Daily World Weekly

Journalism At It's Finest!

Techwarrior - Virus removal and Computer Repair


Spread the love

Reviews at Home – Movie

Forbidden Planet (1956)

by Kevin Conner


IMDB Entry and source image credit: http://www.imdb.com/title/tt0049223/
image copyright held by its respective owners

The Review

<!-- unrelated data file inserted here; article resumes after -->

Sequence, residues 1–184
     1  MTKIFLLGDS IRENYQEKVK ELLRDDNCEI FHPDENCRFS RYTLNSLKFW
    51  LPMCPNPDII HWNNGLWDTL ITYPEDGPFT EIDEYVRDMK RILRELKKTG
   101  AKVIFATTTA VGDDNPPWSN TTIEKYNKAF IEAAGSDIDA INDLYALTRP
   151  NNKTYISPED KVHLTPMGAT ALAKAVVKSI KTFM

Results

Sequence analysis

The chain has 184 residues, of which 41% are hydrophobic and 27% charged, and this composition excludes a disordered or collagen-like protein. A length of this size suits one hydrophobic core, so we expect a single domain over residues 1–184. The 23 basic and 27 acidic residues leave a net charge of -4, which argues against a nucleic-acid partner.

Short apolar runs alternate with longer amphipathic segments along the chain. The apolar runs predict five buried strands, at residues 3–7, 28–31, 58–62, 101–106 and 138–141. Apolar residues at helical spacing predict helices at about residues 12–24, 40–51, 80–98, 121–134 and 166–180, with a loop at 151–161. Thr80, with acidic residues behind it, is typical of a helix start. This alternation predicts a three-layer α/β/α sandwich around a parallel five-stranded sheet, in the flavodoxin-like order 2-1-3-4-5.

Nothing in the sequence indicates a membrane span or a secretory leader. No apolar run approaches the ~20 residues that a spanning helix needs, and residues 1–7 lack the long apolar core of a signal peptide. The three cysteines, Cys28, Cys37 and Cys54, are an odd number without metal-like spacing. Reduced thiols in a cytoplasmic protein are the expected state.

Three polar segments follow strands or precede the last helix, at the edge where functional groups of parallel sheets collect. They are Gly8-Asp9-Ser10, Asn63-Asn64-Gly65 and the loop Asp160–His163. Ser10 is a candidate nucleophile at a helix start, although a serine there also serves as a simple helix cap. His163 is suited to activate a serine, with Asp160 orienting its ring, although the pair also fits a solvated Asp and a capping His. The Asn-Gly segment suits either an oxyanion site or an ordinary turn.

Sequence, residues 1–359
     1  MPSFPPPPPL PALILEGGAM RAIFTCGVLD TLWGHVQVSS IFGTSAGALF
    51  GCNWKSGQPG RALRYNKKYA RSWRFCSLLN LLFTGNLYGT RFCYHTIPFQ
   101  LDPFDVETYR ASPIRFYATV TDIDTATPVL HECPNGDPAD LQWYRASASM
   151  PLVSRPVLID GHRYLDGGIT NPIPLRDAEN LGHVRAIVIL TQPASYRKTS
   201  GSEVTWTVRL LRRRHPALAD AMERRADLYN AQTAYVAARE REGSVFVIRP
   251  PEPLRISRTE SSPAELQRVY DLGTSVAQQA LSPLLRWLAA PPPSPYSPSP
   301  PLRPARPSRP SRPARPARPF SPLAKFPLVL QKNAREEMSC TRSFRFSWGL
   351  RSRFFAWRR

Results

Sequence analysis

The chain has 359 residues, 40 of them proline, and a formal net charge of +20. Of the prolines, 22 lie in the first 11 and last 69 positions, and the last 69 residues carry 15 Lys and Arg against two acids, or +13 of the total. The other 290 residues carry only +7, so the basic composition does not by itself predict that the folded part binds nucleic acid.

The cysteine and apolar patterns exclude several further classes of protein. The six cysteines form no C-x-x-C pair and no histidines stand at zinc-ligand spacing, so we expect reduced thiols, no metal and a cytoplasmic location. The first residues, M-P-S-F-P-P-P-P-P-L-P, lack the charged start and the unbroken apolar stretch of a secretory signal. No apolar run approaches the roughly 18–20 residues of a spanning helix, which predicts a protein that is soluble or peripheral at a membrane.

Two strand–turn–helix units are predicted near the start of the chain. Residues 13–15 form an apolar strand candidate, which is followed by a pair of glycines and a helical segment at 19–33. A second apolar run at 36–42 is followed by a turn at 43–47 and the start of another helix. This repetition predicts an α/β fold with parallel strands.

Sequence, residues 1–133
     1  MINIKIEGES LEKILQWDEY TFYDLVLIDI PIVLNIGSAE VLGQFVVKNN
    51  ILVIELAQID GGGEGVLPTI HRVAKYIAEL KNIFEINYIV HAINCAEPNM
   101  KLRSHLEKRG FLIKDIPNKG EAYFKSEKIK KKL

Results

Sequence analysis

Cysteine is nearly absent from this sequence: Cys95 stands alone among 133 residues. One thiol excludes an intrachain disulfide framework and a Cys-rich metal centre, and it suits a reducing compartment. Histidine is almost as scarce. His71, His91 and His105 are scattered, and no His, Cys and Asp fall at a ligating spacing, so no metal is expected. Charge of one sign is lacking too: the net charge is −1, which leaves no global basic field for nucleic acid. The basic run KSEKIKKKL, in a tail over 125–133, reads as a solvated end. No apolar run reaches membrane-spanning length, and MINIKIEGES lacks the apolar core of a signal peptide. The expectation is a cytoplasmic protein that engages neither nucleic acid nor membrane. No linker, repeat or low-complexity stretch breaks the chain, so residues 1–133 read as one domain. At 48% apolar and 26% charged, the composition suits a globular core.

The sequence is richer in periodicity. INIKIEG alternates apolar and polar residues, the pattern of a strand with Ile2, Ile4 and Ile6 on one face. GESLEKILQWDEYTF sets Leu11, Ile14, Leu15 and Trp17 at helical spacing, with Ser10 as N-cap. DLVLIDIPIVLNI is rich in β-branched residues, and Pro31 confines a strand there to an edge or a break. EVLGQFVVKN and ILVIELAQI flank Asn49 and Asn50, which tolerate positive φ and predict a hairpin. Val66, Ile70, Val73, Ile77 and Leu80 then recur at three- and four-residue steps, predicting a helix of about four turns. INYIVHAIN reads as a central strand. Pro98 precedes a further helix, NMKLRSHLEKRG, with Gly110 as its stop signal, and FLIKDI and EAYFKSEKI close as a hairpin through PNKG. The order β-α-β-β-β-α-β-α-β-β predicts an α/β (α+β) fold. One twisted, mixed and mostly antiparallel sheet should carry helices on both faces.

The “Forbidden Planet” is often referenced by all sci-fi junkies in a group of a half-dozen films and media that amount to what can only be considered as a biblical origin of modern motion picture based science fiction. When people hear its name, they either tune out or reminisce. Many who tune out have typically never seen it. Those who don’t like it typically do not like “thinker” science fiction. Of all of the other names people may drop (“The Day the Earth Stood Still”, “Metropolis”, “Flash Gordon”, “The Time Machine”, “War of the Worlds”, “2001: A Space Odyssey”, etc…), this movie is considered the primary father of all that has come after. This is because at least one major element of all major science fiction that has followed can find an origin in this movie: The TARDIS command module design; Major equipment inspired visuals of Star Wars; Star Trek and Doctor Who style scripting and topical discussion; etc… Not only did this movie borrow from previous creators (such as H.G. Wells and Isaac Asimov), but it showed the world how to combine these elements into a masterpiece of a production. At the end of the day, very few science fiction movies cannot find something of their origin presented in this show. Once this movie hit the screens, serious science fiction would never be the same, as it was one of the earliest big budget productions that helped change the way audiences world wide thought of science fiction.